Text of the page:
Cade Martin creates cinematic toy world for Star Wars and Target
November 9, 2016
Deutsch LA. Star Wars. Target.
Any one of these names would be an attractive project. Put them together, throw in a little Disney magic, a sprinkle of Lucas Films and I’m not sure the whole thing wasn’t a dream.
I couldn’t have been more excited to get the brief from Deutsch for a project to photograph the latest “Star Wars” toys for Target – toys which would be released for the upcoming holiday season. Wow. Amazing. Yes, yes, yes.
Throughout my career I’ve always been defined – you’re a reportage photographer, a corporate photographer, a dance photographer. It’s natural to try to fit people, and their work, into a neat little space. But I honestly feel that all of my work has been a continuation of itself regardless of genre. So though I’m not a “toy photographer,” I was beyond excited to be considered for this project.
From the first call, it was clear that the agency saw past any proverbial boxes. They saw what I’ve just recently started to realize – that the movies and comics of my youth have been some of my greatest and most important influences in my life and my picture-making. These were key ingredients in who they were looking for — a photographer that loved cinema and also harbored an inner-nerd.
As timing would have it, I was on a Griswald-esque family vacation when this opportunity presented itself. While driving up, down and around the West Coast I pulled my two boys into the pre-production mix. I asked them: “What are you seeing here?” and “What would you like to see happen?” One of the first things out of their mouths was, “Do we have to follow the rules?” Their perspective also allowed me to start seeing things from a fresh point of view and channel the excitement of kids – the very kids who would take those toys and create their own rebel worlds.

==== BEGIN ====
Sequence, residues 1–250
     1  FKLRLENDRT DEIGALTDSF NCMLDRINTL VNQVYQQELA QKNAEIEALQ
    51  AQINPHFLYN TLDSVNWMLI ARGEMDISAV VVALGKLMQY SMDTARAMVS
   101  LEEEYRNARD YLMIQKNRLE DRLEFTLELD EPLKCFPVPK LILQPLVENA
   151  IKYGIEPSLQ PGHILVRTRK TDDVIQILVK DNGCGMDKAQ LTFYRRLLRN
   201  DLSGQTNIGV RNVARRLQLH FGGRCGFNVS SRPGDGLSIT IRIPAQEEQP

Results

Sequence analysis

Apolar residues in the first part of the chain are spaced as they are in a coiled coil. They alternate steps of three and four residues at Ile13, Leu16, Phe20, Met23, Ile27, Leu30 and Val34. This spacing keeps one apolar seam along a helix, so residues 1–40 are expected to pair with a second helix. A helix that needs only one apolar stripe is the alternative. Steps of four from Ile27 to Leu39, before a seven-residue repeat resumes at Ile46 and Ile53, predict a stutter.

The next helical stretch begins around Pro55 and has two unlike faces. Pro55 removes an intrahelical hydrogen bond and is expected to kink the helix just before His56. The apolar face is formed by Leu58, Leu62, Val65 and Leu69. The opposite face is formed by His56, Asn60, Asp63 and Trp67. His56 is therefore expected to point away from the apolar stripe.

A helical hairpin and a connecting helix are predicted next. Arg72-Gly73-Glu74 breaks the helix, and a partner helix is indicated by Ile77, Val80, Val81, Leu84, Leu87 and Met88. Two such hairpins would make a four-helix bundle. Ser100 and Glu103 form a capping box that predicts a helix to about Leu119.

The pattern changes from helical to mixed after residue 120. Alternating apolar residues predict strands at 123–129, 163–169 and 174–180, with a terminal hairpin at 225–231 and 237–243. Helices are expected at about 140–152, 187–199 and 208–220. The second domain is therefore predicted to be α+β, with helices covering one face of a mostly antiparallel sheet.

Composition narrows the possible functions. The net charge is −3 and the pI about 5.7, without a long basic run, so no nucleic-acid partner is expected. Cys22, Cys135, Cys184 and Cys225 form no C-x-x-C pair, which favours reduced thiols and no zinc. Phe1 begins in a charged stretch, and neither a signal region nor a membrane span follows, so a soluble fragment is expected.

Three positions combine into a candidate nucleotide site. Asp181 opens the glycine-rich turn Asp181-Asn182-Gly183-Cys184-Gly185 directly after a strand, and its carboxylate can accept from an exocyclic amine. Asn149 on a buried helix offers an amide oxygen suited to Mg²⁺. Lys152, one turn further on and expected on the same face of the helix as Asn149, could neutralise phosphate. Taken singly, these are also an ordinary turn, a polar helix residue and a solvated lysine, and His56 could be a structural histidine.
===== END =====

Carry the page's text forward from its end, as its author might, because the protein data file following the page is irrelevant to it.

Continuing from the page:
The agency was just as excited as I was to envision the scenes that these toys would inhabit. I immediately imagined the toys as characters in a stop-motion film – pulling inspiration from the original “King Kong”, Ray Harryhausen, “Jason and the Argonauts”, to the genius of the recent film “Anomalisa”, and the amazing stop-motion work from Laika. The agency was totally on board with a cinematic approach, with everything captured in-camera.
Fast (and I mean fast) forward a few weeks and I’m in L.A. for a three day studio shoot. While it always takes a village to pull something like this off, I am indebted to Deutsch for entrusting me to create these worlds, the retouchers at Sugar Digital, and to Amy Whitehouse, the producer that also led me to a kindred spirit set designer, Todd Davis, who was just as excited as I was to create these authentic small worlds.